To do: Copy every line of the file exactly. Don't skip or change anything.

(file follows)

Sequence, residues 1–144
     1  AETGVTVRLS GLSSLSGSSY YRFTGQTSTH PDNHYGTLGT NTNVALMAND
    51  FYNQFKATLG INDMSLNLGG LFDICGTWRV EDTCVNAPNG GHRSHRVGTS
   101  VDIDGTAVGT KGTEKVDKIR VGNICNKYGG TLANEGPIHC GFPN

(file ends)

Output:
Sequence, residues 1–144
     1  AETGVTVRLS GLSSLSGSSY YRFTGQTSTH PDNHYGTLGT NTNVALMAND
    51  FYNQFKATLG INDMSLNLGG LFDICGTWRV EDTCVNAPNG GHRSHRVGTS
   101  VDIDGTAVGT KGTEKVDKIR VGNICNKYGG TLANEGPIHC GFPN